Tyre: Wikis

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Contents

Tyre may refer to:

Wheel fittings

  • Tyre (automotive), the outer part of a wheel in British English (equivalent to tire in American English)

Locations

Historical events

Fiction

Archbishops of Tyre

Nobles

Other

See also


Travel guide

Up to date as of January 14, 2010

From Wikitravel

View of Hippodrome, Al Bass Archaeological Site, Tyre
View of Hippodrome, Al Bass Archaeological Site, Tyre

Tyre (Arabic: Sour صُوْر) is the fourth-largest city in Lebanon. It is particularly noteworthy for its stunning and clean beaches (unlike those at Sidon) as well as some of the finest examples of Roman architecture in the world. Situated on a peninsula, it is the largest city in the south of the country after Sidon.

Tyre is the base of the WikiPedia:UNIFIL headquarters which operates in the south of the country, and monitors the border region between Lebanon, Israel and the WikiPedia:Occupied Territories and Syria. Don't be surprised to see UN troops out and about in this town, which is generally very safe for visitors.

Get in

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By bus

The cheapest way of getting into Tyre is by private bus. Large, air-conditioned buses go from Cola Junction, Beirut, throughout the day for approximately $4 and take about 2.5hrs.

By minibus

Privately run minibuses also go frequesntly throughout the day and late into the evening from Cola Junction, Beirut and from the bus station in Sidon. They take a variety of routes and will often stop and start throughout the journey to let passengers on and off.

Minibuses that go via the coastal roads are must slower (Beirut to Tyre can take 3-4hrs), but some minibuses will take the motorway route (2.5hrs from Beirut, about 1hr from Sidon). Prices are usually 2-3,000 Lebanese Lira (approximately $1.50-2) from Beirut.

Do check when you get on board how much the price is as tourists will often be charged more than locals. If you're not sure how much the fare should be, try speaking to someone on the bus - many people speak English and you will very likely find someone to help you out.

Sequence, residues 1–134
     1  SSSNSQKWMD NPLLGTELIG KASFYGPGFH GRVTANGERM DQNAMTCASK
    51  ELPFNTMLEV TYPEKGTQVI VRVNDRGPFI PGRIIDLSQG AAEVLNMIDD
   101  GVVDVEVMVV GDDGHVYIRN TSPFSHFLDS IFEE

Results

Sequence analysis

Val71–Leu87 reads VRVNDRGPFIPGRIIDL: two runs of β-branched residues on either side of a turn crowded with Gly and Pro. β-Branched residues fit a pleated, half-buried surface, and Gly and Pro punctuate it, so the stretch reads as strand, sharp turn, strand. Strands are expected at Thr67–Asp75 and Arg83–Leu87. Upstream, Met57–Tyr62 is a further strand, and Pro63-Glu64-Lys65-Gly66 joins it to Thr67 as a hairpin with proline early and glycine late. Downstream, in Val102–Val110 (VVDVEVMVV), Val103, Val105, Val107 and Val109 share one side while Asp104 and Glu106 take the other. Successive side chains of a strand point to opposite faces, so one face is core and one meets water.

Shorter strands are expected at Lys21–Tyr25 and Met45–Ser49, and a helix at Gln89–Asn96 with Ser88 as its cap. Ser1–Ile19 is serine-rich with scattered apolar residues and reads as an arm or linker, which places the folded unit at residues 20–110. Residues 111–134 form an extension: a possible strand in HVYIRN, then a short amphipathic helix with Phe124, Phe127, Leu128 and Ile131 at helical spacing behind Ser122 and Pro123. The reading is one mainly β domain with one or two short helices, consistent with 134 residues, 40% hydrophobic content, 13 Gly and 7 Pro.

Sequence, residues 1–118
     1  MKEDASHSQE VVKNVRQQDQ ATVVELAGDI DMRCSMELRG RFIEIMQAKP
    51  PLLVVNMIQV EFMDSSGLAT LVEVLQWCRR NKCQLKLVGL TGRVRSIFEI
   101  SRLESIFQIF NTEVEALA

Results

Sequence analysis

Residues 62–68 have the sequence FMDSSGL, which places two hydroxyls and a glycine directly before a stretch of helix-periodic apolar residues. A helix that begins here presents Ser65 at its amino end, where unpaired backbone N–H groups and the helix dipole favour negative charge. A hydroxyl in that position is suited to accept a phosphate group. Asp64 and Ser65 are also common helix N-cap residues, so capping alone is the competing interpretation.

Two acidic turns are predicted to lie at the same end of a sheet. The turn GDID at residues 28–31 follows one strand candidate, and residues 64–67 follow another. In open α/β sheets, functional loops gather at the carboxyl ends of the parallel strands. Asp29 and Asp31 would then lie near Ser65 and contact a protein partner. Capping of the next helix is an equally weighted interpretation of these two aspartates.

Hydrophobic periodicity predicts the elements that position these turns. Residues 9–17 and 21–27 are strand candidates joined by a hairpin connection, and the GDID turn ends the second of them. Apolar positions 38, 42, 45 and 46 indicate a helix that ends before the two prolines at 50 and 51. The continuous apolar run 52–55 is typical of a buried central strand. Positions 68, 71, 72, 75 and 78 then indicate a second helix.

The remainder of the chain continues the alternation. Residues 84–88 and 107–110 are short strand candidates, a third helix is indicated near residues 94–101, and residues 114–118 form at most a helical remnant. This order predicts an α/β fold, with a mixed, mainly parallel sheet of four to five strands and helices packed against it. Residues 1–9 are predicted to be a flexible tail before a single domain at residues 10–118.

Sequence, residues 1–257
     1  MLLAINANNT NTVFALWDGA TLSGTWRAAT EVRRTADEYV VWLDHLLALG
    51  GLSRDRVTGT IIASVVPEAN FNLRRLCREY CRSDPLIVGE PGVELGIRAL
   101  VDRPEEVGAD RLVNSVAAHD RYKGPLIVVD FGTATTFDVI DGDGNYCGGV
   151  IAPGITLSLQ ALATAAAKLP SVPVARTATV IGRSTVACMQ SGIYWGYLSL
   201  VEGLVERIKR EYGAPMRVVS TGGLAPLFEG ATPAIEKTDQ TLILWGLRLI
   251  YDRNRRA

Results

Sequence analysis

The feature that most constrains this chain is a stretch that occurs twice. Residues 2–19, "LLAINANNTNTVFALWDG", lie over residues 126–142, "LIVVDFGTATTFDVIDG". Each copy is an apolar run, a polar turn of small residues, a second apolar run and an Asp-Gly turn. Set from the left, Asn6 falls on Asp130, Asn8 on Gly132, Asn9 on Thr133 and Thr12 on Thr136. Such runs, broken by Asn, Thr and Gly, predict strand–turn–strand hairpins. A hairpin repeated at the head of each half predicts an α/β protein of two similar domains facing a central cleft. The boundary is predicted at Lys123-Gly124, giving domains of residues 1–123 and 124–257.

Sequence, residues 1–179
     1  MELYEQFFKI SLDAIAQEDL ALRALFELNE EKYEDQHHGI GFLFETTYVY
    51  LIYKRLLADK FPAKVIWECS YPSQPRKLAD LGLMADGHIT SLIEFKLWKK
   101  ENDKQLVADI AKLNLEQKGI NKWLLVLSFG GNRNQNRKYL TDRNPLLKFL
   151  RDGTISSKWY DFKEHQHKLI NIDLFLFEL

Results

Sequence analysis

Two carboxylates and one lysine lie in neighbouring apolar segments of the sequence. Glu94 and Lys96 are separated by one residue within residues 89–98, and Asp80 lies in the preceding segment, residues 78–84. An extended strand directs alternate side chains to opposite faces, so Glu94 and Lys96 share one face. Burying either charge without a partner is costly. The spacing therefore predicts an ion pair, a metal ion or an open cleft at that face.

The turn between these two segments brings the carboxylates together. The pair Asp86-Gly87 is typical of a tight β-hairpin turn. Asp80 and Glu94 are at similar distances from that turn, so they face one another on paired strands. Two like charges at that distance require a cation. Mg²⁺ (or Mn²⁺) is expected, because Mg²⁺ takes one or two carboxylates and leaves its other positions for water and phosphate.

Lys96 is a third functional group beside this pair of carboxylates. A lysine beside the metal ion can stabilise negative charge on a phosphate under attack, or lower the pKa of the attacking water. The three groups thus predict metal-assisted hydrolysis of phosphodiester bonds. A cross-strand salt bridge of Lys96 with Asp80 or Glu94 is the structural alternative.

Private Taxi

There are two ways to get to Tyre via taxi - the first is a simple private hire ($20-30 from Beirut), or the 'service' option where you can share with other people who are travelling in a similar direction ($10 would be reasonable from Beirut to Tyre). The journey will take approximately 2.5hrs from Beirut, depending on any stops that have to be made.

Checkpoint information

A number of military checkpoints operate on the roads between Beirut, Sidon and Tyre. There are also occasionally other checkpoints which are run by Hezbollah soldiers. If you bus or taxi is asked to stop, make sure you have your passport to hand, and take off any sunglasses or hats to ensure proper identification. Generally you will be waved through without any further problems. Do not be alarmed if you are asked why you are travelling.

Get around

Without a doubt the best way to get around Tyre is on foot. The beachfront and main roads are all within 5-10mins walk from eachother. The Al Bass Archaeological site is slightly further away and a taxi may be the easiest option to get there.

Taxis are pretty cheap and some are even comfortable to travel in. Some are the registered yellow taxis that operate throughout the country, but many are private cars, often in varying states of repaire (from virtually new to over 40 years old in some cases). A rough rule of thumb is that a short ride in a 'service' - or shared taxi - will cost approximately 2,000LL (around $1.50), with longer journeys costing up to 5,000LL (around $3.50). Always check the price before entering the taxi, and check whether it is a taxi (and therefore private and more expensive) or a service (which will stop to pick up other passengers on the way, and is much cheaper).

Traffic is typical Lebanese - if you want to go, you must go regardless of the 'western' way of thinking in the traffic. This means that drivers frequently won't give way unless they absolutely have to, and lanes and road signage are frequently ignored. Of course, do ask your driver to slow down if you don't feel safe.

See